Shifting Gears in Public Engagement

I work with groups to unlock their potential for producing dynamic, creative responses to their problems. This often involves “shifting gears” --a metaphor for transitioning from one set of roles and goals to a new set. One type of shifting gears that is often helpful is to move a group out of “adversarial mode” into “group problem solving.”

Some of the latest psychological research* suggests that humans have an innate ability to join together and solve problems in teams. That same research, however, points out that one of the most important functions of a team is to defend itself against other teams. Think of high school cliques, rival gangs, or political factions. As social animals we are incredibly sensitive to who is “in” our group and who is “out.”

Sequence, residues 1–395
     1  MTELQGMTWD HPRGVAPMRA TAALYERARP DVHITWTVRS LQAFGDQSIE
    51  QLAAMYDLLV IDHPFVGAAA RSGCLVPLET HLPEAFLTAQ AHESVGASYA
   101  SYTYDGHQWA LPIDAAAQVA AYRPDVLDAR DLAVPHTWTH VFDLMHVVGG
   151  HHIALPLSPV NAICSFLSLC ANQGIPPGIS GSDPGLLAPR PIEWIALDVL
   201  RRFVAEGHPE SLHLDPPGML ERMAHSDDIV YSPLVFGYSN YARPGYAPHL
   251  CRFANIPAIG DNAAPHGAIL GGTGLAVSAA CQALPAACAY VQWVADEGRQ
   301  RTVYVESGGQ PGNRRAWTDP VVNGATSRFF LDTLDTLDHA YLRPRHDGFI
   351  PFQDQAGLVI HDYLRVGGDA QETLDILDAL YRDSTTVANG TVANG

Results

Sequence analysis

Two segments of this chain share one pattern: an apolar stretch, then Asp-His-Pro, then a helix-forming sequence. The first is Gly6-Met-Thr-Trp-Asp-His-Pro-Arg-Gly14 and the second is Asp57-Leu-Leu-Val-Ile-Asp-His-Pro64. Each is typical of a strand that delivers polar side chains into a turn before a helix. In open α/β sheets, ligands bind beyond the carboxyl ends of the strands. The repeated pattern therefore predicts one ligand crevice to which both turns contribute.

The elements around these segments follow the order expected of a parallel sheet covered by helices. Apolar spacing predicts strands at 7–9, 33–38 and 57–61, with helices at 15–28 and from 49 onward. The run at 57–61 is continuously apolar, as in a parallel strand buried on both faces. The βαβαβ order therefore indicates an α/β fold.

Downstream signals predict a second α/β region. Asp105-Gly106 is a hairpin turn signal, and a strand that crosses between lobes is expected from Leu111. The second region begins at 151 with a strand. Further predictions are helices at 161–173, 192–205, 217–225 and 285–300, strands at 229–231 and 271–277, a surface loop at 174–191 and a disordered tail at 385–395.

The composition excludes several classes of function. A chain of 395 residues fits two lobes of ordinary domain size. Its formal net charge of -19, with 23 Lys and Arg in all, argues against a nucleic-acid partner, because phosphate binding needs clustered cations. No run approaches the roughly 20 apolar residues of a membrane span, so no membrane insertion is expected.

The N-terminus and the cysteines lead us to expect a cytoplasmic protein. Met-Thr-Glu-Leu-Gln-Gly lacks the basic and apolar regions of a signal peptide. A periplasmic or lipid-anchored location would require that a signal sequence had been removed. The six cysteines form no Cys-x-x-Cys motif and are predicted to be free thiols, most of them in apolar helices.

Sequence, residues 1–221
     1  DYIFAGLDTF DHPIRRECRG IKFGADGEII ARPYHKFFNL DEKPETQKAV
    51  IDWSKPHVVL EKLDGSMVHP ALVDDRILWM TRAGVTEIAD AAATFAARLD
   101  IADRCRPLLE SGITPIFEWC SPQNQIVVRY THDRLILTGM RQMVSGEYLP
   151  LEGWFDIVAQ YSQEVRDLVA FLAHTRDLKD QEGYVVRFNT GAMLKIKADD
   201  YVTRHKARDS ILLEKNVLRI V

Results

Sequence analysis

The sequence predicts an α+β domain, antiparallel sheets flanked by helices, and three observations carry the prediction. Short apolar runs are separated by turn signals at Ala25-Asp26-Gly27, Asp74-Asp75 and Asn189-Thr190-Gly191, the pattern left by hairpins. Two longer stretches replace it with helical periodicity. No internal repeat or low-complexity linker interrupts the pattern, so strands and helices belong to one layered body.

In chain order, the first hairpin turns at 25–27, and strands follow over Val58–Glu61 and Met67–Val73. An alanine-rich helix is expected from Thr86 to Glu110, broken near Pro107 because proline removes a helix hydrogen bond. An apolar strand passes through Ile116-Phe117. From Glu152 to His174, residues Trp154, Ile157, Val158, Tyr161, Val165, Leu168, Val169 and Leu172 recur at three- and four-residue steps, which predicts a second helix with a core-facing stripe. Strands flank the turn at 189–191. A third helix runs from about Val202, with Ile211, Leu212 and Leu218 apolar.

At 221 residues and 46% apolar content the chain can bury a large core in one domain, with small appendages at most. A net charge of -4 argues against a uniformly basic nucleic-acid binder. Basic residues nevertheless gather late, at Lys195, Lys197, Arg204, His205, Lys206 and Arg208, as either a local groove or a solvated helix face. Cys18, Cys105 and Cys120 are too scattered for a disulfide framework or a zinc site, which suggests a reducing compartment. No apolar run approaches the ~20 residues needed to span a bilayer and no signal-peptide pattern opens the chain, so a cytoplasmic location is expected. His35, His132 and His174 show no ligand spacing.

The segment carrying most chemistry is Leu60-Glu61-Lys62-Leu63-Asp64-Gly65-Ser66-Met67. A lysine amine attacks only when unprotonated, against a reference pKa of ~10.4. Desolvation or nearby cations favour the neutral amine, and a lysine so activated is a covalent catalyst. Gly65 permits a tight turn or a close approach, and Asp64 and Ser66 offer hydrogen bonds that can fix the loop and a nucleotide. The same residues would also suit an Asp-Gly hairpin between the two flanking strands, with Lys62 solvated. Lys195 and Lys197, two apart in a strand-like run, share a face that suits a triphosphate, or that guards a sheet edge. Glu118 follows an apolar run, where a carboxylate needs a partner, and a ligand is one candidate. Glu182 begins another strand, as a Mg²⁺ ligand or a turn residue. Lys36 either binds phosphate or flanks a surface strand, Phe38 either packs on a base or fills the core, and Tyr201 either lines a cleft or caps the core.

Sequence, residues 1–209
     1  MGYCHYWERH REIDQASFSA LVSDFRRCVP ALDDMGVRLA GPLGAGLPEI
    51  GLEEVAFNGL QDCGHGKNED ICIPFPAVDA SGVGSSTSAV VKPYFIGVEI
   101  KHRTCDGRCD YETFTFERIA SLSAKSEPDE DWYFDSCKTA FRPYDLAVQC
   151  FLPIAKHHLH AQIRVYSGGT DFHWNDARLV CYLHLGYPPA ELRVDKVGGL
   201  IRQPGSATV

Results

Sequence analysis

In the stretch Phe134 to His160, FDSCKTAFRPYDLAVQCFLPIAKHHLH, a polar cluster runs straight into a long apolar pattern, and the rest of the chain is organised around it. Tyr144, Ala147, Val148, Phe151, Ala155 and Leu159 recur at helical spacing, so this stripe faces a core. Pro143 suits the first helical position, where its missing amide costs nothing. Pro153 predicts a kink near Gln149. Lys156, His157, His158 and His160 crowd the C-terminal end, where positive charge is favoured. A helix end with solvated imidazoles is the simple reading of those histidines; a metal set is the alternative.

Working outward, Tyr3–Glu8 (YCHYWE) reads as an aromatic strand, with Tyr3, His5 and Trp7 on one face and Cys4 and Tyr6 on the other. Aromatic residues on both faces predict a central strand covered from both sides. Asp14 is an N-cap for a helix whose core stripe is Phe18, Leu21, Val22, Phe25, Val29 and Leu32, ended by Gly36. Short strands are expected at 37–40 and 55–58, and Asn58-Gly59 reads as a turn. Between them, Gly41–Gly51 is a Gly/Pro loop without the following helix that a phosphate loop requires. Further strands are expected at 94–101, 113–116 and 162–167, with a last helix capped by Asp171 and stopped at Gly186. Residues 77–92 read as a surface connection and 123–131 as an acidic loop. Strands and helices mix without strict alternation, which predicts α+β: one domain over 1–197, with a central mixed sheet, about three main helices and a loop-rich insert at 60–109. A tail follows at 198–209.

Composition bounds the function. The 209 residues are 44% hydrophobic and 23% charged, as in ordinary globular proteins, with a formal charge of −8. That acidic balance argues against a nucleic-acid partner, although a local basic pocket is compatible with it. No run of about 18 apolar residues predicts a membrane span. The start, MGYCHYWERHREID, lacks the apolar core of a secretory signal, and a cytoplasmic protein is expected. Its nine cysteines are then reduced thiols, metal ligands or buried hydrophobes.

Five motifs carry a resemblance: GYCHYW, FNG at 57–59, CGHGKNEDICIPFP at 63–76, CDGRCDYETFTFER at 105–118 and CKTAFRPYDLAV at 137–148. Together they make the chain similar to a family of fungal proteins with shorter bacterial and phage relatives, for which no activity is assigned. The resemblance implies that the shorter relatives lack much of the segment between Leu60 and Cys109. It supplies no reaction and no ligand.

When I facilitate a room of people split into adversarial groups I create opportunities for individuals to connect across their differences and create a single group. This “shifting of gears” paves the way for groups to move from seeing one another as “adversaries” to “problem-solving team-mates.”

*Haidt, Jonathan (2012). *The Righteous Mind: Why Good People Are Divided by Politics and Religion*. Pantheon ISBN 978-0-307-37790-6